#HomeTruth No.2: For an Industry to be highly regarded by its customers, Innovation must necessarily be intrinsic in its DNA in connecting with the needs of its customers. A good company example is Global Consumer giant, P&G, which has operationalized a customer engagement model which enables collaboration with customers to develop new products. This customer engagement platform now contributes 35% of P&G’s Innovation efforts and has translated to increased R&D productivity by 60%. Customer-centred companies are designed to go to sometimes “extreme” lengths to meet existing and new customer needs. Some companies even anticipate and create such needs. A good example is the Elon Musk-inspired Tesla. Tesla is built on the conviction that electricity will be the primary power source for automobiles to replace internal-combustion engines with cost benefits to consumers. This may have sounded far-fetched some years ago but Tesla has now just overtaken 100-year old Ford Motors to become the second-largest U.S. Auto maker by stock value at $46.14B. Facebook and Google are leading interesting initiatives to connect the unconnected to the Internet.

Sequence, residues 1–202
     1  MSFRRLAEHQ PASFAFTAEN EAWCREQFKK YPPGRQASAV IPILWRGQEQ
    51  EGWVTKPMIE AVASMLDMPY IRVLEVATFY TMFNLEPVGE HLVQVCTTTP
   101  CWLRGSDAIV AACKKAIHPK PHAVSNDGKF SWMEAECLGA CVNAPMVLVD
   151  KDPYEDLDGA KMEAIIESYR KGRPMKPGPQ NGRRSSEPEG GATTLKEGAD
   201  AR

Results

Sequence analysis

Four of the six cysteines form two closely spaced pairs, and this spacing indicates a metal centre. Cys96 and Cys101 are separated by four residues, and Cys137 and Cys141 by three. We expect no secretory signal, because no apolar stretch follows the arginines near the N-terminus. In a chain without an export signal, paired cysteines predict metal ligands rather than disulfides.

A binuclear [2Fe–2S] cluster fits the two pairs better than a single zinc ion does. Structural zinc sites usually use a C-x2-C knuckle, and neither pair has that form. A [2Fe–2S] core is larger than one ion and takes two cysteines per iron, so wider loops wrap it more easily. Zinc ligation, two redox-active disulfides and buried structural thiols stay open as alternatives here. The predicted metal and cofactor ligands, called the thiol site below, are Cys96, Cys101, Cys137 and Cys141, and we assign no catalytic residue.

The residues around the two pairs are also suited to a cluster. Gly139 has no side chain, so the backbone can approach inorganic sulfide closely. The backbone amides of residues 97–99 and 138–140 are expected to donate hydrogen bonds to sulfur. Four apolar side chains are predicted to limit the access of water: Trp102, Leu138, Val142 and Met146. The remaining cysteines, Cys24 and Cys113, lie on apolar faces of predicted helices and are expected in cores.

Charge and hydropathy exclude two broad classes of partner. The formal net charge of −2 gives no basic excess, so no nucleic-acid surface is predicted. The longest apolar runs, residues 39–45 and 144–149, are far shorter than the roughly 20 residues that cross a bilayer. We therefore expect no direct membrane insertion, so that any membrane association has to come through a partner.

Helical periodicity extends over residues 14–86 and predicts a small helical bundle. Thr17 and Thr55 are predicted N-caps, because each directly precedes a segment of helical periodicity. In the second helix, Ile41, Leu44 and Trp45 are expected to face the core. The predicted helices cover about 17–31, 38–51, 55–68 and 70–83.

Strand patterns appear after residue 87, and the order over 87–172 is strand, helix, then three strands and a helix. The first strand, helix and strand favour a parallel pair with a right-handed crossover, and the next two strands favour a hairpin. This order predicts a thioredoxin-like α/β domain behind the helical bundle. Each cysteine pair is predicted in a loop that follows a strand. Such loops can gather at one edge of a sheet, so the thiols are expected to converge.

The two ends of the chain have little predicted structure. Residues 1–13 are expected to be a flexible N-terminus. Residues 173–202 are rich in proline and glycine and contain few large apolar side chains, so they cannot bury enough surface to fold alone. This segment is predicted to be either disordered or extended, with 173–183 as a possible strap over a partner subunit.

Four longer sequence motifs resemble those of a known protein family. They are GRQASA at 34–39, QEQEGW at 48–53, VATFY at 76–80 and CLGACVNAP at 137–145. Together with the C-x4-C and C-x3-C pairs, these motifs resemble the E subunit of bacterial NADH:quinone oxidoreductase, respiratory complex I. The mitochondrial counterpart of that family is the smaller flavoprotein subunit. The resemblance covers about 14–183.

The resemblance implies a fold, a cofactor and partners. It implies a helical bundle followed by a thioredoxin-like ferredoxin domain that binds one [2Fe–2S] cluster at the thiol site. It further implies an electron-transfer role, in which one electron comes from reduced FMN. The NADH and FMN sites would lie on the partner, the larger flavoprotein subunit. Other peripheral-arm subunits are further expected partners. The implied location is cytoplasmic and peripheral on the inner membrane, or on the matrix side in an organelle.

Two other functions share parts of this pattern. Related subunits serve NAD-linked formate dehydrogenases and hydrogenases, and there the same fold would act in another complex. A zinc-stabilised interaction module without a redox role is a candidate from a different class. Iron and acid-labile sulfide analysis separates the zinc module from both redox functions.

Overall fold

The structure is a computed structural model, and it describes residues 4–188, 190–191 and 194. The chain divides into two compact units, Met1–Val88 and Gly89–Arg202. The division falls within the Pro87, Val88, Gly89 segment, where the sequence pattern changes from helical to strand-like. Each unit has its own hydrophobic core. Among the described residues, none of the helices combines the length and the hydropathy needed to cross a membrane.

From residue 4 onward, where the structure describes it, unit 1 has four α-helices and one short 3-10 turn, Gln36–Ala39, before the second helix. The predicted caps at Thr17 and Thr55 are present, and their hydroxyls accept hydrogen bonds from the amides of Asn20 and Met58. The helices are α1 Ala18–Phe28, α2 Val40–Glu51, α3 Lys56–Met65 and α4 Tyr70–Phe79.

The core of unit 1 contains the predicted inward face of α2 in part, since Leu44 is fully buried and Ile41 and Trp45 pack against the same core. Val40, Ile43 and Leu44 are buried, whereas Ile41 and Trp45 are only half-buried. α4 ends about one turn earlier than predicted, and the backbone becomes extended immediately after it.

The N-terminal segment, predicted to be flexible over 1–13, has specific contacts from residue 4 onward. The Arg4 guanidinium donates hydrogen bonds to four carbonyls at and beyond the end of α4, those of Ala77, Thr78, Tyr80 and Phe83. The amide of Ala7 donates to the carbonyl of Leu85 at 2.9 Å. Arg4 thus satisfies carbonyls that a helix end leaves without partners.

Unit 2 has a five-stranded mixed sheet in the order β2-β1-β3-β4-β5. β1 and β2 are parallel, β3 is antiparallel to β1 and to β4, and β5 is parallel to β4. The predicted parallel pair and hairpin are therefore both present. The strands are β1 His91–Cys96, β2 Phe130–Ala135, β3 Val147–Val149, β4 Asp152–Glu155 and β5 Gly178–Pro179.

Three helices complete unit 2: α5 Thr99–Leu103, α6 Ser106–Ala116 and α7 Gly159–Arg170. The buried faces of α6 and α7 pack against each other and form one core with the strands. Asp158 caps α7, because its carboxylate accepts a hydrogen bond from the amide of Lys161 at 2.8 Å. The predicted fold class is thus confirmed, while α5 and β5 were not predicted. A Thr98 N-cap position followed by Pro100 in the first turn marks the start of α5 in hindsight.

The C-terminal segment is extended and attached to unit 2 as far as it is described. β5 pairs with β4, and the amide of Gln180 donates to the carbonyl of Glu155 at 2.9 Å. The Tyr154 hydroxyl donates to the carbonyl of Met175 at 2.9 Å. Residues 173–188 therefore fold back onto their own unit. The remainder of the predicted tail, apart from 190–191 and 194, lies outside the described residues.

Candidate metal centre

HomeTruth No. 3: For an Industry to be highly regarded by its customers, most companies in that space will be run with the mindset of the customer at the very core of its existence. The operational practices, metrics, structure, skill sets in such companies will naturally reflect its customer-centredness. Innovation, partnerships, experimentation, high risk appetite are ingrained in the mindset of the company examples shared above.
So how do telecom Operators measure up against these three (3) home truths?. Maybe the problem starts with the fact that telecom was primarily set up as a utility business. The implications of this are far-reaching. Utilities exist to provide essential services to a captive market which in effect, means its primary focus will be on asset monetization (selling network capacity) than on being customer-centred. It therefore follows that the organizational mindset, culture, operations and structure of a business with a utility heritage will be more skewed to extracting value from its assets than connecting to the needs of the customer. The leading traditional metrics like net additions, market share, average revenue per user are more customer quantitative than qualitative. Maybe this Utility heritage also explains why as the Industry became more competitive, it naturally resorted to price discounts rather than competing on other key levers of differentiation like Innovation.